Outdoor Services Crew

Thursday, July 30, 2015

EAB (Emerald Ash Borer) on campus

Many state and federal agencies began studying the Emerald Ash Borer (EAB) problem in 2002 when it was confirmed the beetle had arrived in the United States.

How did this beetle arrive in the United States? It has been speculated that the EAB entered on wood packing material on either cargo ships or airplanes that originated in Asia. Over the last ten years, millions of ash trees have died and have been removed in many states across the country as a result of this infestation. 

When it was confirmed the beetle had been detected in Colorado in 2013, arborists at the University of Colorado knew it was just a matter of time before they would discover it on the Boulder campus.... and they did.  Facilities Management Outdoor Services and Housing Facilities Services began steps to save as many of the campus ash trees as possible.

Treatment being done on an ash beside Old Main, critical to CU landscape
About 720 ash trees are actively maintained on the Boulder campus. This year, Outdoor Services, Housing and Dining Services and Parking Services identified approximately 107 ash trees as key elements in landscape designs on campus.  The Main Campus ash trees were the first to receive EAB treatment.  State licensed professionals injected an insecticide directly into the ash tree trunks. Supervising this work, at all times, was a staff member from CU.   Arborist, Vince Aquino, was on hand June 24, 2015, as work began.

The initial step in the treatment process was to identify the first set of ash trees and to set yellow application notice flags at their base.  The flags stayed in place for a week as a means to inform those on campus of the work being done.

Yellow application notices remained for a week at the base of treated trees.
Depending on the diameter of the ash tree trunk, 3 to 4 holes (more if needed) were drilled into the base of each trunk.  Small plugs were then inserted into the holes.  An insecticide was loaded into an insecticide applicator and injected directly into the trunk.   This method greatly minimized exposure to non-targeted animals and/or plants and is very effective in treating the targeted pests--in this case, EAB.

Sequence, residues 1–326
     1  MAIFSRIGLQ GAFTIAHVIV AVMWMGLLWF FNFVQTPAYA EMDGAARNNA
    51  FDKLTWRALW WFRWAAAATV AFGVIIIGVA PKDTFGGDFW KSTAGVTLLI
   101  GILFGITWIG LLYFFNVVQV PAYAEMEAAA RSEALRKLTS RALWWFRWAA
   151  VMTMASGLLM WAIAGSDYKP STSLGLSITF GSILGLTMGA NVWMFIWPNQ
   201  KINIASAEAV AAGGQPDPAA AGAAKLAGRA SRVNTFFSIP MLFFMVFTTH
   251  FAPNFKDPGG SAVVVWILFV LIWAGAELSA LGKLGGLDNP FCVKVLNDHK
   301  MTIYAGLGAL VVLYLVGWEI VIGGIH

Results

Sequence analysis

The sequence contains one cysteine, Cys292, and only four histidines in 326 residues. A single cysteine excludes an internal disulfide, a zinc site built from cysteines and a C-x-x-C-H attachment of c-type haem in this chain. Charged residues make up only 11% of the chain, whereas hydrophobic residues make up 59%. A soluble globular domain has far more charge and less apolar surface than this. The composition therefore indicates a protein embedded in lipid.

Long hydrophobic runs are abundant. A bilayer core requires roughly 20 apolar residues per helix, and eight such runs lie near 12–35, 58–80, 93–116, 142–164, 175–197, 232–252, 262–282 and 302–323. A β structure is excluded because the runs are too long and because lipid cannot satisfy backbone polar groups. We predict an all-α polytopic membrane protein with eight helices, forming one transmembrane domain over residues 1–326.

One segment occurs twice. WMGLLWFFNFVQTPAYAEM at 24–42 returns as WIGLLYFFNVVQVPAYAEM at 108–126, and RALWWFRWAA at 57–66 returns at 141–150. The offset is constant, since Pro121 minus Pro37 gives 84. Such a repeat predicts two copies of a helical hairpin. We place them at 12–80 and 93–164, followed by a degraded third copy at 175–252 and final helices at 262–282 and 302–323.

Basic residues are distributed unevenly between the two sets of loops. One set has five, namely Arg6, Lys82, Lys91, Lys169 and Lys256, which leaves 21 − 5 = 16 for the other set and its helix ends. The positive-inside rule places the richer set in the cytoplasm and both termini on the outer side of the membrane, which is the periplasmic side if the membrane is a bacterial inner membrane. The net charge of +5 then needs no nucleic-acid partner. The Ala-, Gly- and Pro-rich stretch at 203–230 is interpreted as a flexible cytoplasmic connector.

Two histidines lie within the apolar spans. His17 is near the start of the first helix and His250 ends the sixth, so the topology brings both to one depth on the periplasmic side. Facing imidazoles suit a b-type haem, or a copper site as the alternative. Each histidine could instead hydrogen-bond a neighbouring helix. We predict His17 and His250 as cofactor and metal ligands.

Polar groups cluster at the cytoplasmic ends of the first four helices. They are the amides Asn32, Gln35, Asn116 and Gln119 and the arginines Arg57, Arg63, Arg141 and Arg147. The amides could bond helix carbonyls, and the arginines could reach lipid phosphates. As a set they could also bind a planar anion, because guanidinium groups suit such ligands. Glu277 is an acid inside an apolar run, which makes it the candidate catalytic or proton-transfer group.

Two insecticides were used in this first round of treatments.  Most trees were protected with Emamectin Benzoate, and a much smaller number of trees received Azadirachtin.  Neither chemical belongs to the Neonicotinoid class.  Campus arborists will monitor the results of these treatments in the coming year.  It is expected that the Emamectin Benzoate treated trees will defend ash trees against EAB infestation for at least two years.

Several holes around the base were drilled into the ash tree.

Plugs were set into the holes.
Diameter of the trunk determined the amount of holes needed.

Tim Kockler, licensed commercial applicator from Davey Tree Expert Company, prepared the applicator.

The insecticide was injected into the trunk of the ash trees

The locations of the first treated ash trees on campus were mapped.  Additional ash trees will be identified and potentially receive treatments next spring.

The University of Colorado is cooperating with numerous state, municipal and federal agencies as part of a Colorado EAB Response Team.  This team is working to improve and to coordinate the  responses to the EAB outbreak all across Colorado.  It is also involved in communicating with the public on management of EAB on private property.

The communities surrounding the University of Colorado have many questions.  People with ash trees in their landscape want to know what to do.  Two great sites for this information are https://bouldercolorado.gov/pages/emerald-ash-borer and https://www.colorado.gov/pacific/agplants/emerald-ash-borer.  The sites help explain symptoms, detection methods and the quarantine guidelines effective since November 12, 2013 for Boulder County and small portions of Jefferson and Weld counties.

Marsha Burch